The Bloch simulation results in Figure 1A,B show that the normalized steady state signal for blood, myocardium and blood-myocardium contrast is higher at 0.35 T than 1.5 T by factors of 1.275 (blood), 1.401 (myocardium) and 1.228 (blood-myocardium contrast). After accounting for signal differences due to field strength polarization, this indicates that the SNR at 0.35 T are smaller than 1.5 T by factors of 3.36 (blood), 3.06 (myocardium) and 3.49 (blood-myocardium contrast) instead of 1.5/0.35=4.29. It is noted that these simulation results do not account for the blood inflow effect, and the measured SNR and CNR values should be higher than those suggested by the simulations.
In vivo study
Cardiac bSSFP cine images were acquired successfully at 0.35 T in all volunteers. While the images were noisier due to the low field-strength, the myocardium as well as the papillary muscles and mitral valves could be clearly delineated. Mitral valves were also visible in the long axis images.
Figure 2 top row shows a single phase from bSSFP cine images acquired with multiple flip angles at 0.35 T in a volunteer. Images were acquired for flip angles as high as 150° without encountering any SAR restrictions, as SAR is significantly reduced at 0.35 T compared to higher field strengths. Qualitatively, the blood-myocardium contrast appears to improve with flip angles higher than 90°. For comparison, the 1.5 T images from the same volunteer are shown in Figure 2 bottom row. In general, cine images at 1.5 T could not be acquired for flip angles higher than 90° due to SAR limitations.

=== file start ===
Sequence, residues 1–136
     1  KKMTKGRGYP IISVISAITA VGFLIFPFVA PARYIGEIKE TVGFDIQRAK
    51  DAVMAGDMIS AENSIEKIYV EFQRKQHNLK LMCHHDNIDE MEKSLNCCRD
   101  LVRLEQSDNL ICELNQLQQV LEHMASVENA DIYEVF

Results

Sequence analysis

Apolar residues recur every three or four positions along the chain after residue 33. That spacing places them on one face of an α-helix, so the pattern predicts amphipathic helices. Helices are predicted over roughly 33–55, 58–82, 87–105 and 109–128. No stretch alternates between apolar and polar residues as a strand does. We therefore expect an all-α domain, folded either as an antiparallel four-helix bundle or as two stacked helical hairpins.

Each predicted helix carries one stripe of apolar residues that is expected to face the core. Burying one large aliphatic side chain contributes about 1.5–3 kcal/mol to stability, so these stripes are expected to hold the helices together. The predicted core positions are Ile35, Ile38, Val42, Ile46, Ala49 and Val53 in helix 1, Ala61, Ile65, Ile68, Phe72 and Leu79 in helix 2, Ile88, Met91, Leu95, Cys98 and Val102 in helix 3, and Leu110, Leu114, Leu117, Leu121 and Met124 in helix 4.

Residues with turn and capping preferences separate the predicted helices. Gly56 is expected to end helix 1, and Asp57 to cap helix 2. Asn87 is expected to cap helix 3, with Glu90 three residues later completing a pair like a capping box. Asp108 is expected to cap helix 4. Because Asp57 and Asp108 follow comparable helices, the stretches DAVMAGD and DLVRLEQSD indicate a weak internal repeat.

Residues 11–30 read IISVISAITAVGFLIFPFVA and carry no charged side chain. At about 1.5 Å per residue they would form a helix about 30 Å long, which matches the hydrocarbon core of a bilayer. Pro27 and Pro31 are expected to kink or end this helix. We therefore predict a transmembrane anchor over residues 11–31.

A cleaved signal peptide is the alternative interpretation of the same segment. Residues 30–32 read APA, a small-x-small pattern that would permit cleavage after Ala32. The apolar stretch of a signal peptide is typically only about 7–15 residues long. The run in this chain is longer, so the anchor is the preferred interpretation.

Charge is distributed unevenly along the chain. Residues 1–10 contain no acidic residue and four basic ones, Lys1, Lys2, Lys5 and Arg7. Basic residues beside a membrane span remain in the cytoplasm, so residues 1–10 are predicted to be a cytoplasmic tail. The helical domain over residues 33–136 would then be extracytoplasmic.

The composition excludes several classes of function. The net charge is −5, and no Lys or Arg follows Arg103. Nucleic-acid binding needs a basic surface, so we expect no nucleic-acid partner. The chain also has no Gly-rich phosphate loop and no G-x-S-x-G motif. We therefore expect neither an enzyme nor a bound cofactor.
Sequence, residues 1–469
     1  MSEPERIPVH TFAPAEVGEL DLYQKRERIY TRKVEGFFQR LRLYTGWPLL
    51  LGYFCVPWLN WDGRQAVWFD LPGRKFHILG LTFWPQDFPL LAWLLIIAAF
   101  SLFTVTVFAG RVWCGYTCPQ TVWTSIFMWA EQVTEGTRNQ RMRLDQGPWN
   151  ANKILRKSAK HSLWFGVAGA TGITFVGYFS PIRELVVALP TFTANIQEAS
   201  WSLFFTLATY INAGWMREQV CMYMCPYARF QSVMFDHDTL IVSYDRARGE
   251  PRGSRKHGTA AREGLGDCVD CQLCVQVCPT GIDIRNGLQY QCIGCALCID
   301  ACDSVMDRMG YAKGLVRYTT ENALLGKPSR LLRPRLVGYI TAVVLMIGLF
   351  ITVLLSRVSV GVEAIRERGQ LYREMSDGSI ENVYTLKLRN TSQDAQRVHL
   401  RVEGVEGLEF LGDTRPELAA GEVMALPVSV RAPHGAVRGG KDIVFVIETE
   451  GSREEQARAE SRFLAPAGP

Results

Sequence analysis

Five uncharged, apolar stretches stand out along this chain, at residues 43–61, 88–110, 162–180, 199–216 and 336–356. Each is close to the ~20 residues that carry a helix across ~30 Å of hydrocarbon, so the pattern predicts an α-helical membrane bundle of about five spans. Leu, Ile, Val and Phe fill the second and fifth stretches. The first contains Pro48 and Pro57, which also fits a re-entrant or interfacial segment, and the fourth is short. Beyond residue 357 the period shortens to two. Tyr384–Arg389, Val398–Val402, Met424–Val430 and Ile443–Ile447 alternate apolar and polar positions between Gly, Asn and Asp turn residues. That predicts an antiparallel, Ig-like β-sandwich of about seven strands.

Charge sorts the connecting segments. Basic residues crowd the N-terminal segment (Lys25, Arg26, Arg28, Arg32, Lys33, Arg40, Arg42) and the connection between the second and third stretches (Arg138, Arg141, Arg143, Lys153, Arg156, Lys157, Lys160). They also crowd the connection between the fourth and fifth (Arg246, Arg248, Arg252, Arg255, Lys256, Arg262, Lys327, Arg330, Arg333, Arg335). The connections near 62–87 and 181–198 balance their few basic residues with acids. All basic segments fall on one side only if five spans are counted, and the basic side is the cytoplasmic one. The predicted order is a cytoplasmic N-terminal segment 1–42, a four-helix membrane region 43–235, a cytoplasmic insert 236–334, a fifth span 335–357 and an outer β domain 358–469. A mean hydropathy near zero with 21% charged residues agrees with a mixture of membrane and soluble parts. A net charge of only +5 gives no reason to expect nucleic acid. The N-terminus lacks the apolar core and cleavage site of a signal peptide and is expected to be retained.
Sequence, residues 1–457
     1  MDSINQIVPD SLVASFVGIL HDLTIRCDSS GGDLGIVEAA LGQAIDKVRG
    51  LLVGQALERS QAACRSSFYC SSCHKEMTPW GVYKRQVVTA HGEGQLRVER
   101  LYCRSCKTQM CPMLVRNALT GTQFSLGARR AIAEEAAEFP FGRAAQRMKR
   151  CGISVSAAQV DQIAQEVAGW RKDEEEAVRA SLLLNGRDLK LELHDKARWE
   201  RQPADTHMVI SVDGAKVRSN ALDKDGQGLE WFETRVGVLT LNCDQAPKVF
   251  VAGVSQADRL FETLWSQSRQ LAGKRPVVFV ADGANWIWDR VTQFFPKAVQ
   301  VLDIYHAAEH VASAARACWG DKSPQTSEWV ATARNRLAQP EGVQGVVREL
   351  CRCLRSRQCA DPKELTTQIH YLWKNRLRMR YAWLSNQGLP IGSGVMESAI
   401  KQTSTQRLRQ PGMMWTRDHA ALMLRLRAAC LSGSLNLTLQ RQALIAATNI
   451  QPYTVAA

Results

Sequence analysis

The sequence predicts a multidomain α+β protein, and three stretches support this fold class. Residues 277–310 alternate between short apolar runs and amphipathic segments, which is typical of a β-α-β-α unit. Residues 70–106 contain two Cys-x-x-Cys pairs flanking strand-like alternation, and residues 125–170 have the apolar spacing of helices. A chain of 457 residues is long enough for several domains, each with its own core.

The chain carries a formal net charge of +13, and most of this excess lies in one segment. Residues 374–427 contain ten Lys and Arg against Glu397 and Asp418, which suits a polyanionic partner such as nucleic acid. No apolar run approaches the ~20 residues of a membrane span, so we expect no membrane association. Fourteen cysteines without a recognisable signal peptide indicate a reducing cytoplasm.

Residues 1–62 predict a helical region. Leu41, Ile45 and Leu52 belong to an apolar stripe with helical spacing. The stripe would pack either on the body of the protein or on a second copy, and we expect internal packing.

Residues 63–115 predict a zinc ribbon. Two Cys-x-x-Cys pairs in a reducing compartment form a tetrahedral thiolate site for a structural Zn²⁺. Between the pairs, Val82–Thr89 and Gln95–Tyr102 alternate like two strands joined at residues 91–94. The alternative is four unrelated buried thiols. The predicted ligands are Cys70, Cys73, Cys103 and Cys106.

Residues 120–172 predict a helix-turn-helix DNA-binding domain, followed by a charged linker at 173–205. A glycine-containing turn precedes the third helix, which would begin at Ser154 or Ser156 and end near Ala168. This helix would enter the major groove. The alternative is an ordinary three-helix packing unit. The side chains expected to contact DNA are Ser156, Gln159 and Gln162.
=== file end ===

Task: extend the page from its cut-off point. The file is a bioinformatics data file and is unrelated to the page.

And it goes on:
Figure 3 shows multiple cardiac phases from bSSFP cine images at 0.35 and 1.5 T. Figure 3A top row shows short-axis cardiac cine images at 0.35 T acquired at a flip angle of 110°, while the bottom row shows short-axis images from the same volunteer acquired at 1.5 T at a flip angle of 70° (a video animation for Figure 3A is provided as Figure 4). The 0.35 T images show clear depiction of papillary muscles and right ventricular myocardium. The degree of contractility appears similar in both 0.35 and 1.5 T images. Figure 3B top row shows 4-chamber long-axis images from the same volunteer acquired at 0.35 T at a flip angle of 110°, while the bottom row shows 4-chamber long-axis images at 1.5 T acquired at a flip angle of 70° (a video animation for Figure 3B is provided as Figure 5). Mitral valve closure is visible in the 0.35 T long axis image in column 2.
Figure 6A,B,C shows the average blood-pool SNR (Figure 6A), left ventricular myocardium SNR (Figure 6B) and blood-left-ventricular-myocardium CNR (Figure 6C) at multiple flip angles at both 0.35 and 1.5 T in all volunteers. At 1.5 T, the blood SNR increases with flip angle, the myocardium SNR decreases with flip angle, and the blood-myocardium CNR increases with flip angle, as expected from the literature (3). At 0.35 T, the blood SNR is maximum at 130° (SNR =40.5), while the myocardium SNR is maximum at 70° (SNR =11.0). The blood-myocardium CNR is maximum at 130° (CNR =31.7) at 0.35 T, which can be considered as the optimal flip angle for 0.35 T.